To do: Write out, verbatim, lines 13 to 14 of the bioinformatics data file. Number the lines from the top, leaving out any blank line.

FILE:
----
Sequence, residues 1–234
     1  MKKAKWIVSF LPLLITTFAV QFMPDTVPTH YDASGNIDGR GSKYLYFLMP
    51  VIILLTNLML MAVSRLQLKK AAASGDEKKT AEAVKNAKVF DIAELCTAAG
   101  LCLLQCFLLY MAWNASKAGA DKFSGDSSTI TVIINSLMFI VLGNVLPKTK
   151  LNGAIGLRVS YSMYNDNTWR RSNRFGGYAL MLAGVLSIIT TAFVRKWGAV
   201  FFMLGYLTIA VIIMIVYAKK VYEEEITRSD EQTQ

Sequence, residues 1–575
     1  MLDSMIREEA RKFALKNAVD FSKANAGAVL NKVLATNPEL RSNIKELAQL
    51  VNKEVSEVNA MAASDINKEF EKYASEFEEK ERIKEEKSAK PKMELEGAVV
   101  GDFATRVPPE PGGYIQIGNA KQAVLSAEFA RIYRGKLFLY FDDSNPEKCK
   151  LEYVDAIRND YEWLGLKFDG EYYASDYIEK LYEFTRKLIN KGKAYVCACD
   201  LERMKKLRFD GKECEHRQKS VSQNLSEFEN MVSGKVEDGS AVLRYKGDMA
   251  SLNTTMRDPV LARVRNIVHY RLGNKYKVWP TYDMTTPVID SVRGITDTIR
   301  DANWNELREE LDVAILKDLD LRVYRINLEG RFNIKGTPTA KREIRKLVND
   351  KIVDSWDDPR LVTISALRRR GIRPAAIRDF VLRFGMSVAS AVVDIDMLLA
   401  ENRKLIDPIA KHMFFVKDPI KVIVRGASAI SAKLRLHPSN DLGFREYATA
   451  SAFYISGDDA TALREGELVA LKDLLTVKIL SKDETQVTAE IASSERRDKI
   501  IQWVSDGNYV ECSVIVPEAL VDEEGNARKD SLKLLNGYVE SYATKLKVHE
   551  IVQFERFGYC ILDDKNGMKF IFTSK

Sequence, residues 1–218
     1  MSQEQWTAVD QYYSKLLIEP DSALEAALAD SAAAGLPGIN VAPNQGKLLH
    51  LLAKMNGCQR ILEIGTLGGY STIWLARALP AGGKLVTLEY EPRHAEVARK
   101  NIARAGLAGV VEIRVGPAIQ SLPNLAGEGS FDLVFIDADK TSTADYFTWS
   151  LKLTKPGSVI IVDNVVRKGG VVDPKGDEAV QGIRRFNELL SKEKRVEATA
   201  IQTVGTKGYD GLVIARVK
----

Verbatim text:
   251  SLNTTMRDPV LARVRNIVHY RLGNKYKVWP TYDMTTPVID SVRGITDTIR
   301  DANWNELREE LDVAILKDLD LRVYRINLEG RFNIKGTPTA KREIRKLVND